From “Fun, Funky and Fabulous: New Orleans’ Casual Restaurant Recipes”
Juice of 1 lemon
1 tablespoon Dijon mustard
1 teaspoon sugar
2 tablespoons extra virgin olive oil
Salt and white pepper to taste
8 ounces dried cappellini pasta cooked until al dente, chilled
1 tablespoon chopped fresh parsley
1 tablespoon chopped fresh chives
1 ounce of your favorite caviar
8 ounces jumbo lump crabmeat, picked over for shells and cartilage
20 satsuma, tangerine or blood orange segments, membranes removed
4 large basil leaves, cut in a chiffonade

            Directions: Start with well-chilled ingredients. Whisk the lemon juice, mustard, and sugar in a bowl until the sugar has dissolved. Add the oil in thin rivulets, whisking constantly until emulsified. Season with salt and pepper. Add the cappellini, parsley, chives and caviar; toss gently to coat. Gently fold in the crabmeat, taking care not to break up the lumps. Divide the salad evenly among four chilled salad plates. Divide the citrus segments and basil evenly among the plates.


Wednesday, February 18, 2015

Book events this week

            Family Puppet Theater for ages 5 to 12 begins at 1:30 p.m. Thursday, Feb. 19, at the North Regional Library of Lafayette.
            Matt Kepnes signs “How to Travel the World on $50 a Day” at 6 p.m. Thursday, Feb. 19, at Garden District Book Shop in New Orleans.
            Warren and Mary Perrin, editors of “Acadie Then and Now: A People’s History,” will speak about their new book from 2 p.m. to 4 p.m. Saturday, Feb. 21, at the 250th Anniversary of the Arrival of Beausoleil and the Acadians at the, Old U. S. Mint in New Orleans. For more information, call 233-5832, or email perrin@plddo.com.
            Louisiana’s first comic con convention will be Saturday, Feb. 21, in the Bossier Civic Center in Bossier City. For more information, visit Louisianacomiccon.com.
            T. Geronimo Johnson will celebrate the release of his latest book, “Welcome to Braggsville,” at 6 p.m. Saturday, Feb. 21, at Octavia Books of New Orleans.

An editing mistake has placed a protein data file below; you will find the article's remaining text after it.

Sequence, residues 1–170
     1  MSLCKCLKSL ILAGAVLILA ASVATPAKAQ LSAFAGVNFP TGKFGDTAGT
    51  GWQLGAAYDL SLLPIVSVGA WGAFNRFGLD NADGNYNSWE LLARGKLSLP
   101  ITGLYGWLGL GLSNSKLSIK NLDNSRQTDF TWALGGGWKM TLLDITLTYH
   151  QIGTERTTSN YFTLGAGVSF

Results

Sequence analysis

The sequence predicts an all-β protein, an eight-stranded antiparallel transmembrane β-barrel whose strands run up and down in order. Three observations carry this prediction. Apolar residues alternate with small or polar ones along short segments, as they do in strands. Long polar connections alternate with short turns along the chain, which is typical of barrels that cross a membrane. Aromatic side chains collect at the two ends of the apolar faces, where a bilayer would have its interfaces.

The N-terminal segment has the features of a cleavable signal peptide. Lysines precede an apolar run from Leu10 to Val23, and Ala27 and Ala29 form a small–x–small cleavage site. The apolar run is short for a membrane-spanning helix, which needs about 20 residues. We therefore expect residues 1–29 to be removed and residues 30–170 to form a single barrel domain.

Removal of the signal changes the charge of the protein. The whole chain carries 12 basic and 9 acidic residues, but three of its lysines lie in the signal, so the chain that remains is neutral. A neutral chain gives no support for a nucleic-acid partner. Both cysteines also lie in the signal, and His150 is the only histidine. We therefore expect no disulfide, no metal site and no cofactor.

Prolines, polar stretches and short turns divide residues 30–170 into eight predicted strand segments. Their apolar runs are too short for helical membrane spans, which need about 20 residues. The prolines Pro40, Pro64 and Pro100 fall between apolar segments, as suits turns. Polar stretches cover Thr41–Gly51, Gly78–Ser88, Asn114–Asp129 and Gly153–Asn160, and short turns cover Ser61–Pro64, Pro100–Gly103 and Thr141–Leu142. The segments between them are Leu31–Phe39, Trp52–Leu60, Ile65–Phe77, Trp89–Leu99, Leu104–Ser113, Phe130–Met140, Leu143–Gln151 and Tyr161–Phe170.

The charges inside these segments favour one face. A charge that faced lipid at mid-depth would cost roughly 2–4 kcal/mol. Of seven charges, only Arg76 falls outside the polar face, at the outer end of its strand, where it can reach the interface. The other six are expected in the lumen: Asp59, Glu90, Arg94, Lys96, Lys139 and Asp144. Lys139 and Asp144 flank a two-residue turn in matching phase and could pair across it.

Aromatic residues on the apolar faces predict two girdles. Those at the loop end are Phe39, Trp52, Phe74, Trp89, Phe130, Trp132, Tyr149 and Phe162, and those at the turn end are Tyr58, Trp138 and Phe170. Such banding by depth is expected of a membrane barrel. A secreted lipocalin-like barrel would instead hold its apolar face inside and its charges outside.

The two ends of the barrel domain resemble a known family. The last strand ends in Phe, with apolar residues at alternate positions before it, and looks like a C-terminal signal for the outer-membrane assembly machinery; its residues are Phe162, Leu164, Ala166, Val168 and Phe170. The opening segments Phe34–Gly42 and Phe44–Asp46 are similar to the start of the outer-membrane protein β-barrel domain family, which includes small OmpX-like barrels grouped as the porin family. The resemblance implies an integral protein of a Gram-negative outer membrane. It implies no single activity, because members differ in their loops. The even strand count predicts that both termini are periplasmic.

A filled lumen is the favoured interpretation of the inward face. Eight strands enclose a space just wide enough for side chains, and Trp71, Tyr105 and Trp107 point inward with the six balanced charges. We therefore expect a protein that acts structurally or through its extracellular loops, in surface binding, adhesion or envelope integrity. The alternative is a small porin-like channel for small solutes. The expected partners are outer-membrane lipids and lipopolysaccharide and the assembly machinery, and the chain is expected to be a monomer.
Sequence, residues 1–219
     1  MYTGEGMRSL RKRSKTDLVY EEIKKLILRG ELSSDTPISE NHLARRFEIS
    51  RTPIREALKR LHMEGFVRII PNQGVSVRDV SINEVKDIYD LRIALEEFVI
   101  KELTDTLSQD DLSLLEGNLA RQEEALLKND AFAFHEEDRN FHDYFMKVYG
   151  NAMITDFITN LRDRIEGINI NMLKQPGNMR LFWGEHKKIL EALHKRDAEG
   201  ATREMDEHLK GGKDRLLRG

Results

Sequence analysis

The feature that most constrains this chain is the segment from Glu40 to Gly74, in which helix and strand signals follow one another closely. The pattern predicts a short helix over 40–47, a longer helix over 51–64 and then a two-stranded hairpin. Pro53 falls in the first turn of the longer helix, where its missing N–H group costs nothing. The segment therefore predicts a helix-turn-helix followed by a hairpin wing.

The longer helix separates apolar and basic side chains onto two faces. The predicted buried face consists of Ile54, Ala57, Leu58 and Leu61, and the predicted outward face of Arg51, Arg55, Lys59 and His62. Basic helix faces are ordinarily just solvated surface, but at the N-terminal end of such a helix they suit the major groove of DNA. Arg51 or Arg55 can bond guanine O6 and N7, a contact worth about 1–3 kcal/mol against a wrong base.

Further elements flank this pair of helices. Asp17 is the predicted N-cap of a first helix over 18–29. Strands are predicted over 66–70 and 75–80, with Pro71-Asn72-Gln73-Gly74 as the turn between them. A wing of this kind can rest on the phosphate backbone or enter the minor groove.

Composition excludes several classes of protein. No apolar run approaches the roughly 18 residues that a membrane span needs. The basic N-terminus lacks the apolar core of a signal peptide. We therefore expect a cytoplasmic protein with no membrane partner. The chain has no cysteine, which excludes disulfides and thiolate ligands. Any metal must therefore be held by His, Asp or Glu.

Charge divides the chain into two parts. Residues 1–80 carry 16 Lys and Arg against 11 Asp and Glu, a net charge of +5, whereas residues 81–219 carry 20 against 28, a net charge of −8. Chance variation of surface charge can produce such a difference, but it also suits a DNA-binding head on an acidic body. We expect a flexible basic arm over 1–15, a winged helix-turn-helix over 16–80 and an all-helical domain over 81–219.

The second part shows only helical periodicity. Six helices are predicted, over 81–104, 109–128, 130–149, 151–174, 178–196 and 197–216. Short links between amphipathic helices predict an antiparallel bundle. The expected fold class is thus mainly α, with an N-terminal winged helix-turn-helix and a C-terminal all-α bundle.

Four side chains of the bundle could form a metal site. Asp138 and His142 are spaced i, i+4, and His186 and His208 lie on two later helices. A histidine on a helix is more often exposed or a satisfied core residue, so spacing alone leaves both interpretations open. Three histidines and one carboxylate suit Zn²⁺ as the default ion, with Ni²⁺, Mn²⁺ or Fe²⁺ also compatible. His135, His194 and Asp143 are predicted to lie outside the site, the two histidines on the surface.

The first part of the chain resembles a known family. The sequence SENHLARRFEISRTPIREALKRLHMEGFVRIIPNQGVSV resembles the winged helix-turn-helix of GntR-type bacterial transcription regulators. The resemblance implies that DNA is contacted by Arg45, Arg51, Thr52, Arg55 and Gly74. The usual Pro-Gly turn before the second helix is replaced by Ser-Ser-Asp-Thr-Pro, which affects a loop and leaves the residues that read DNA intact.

Johnette Downing and Jennifer Lindsley will be reading from and signing their new book, “Fifolet,” from 11:30 a.m. to 1 p.m. at Maple Street Bookshop in New Orleans. The official book launch will include a book reading, art discussion, treasure hunt, coloring sheet, refreshments and a book signing by both the author and illustrator!
            Jyl Benson will be signing her cookbook, “Fun, Funky & Fabulous: New Orleans Casual Restaurant Recipes” from 1-3 p.m. Saturday, Feb. 21, at Oil & Vinegar Louisiana culinary shop, 6111 Pinnacle Pkwy, Covington. The book features three recipes from Covington chefs Keith Frentz and Nealy Frentz of LOLA Restaurant and we'll be serving samples to snack.
            The SWLA Family Book Festival will be from 10 a.m. to 4 p.m. Saturday, Feb. 21, at Central School, 806 Kirby St. in Lake Charles. The free event includes over 35 book vendors coming from all over Louisiana and Texas, activities for everyone including a miniature horse for the children to pet and read to, a Kids' Korral with "steer" roping, a children's story and activity center, plus food! The CAL/CAM 4-H Horse Club is sponsoring a jambalaya lunch and Coke is offering free soft drinks.
              The Writers and Readers Symposium: A Celebration of Literature and Art will be Saturday, Feb. 21, in St. Francisville and feature writers Abigail Padgett, Moira Crone, Louisiana Poet Laureate Ava Hayman and photographer/writer Richard Sexton with Carolyn Thornton. Info: http://www.stfrancisville.us/.


Cheré Coen is the author of “Forest Hill, Louisiana: A Bloom Town History,” Haunted Lafayette, Louisiana” and “ExploringCajun Country: A Historic Guide to Acadiana” and co-author of “Magic’s in the Bag: Creating Spellbinding Gris Gris Bags and Sachets.” Write her at cherecoen@gmail.com.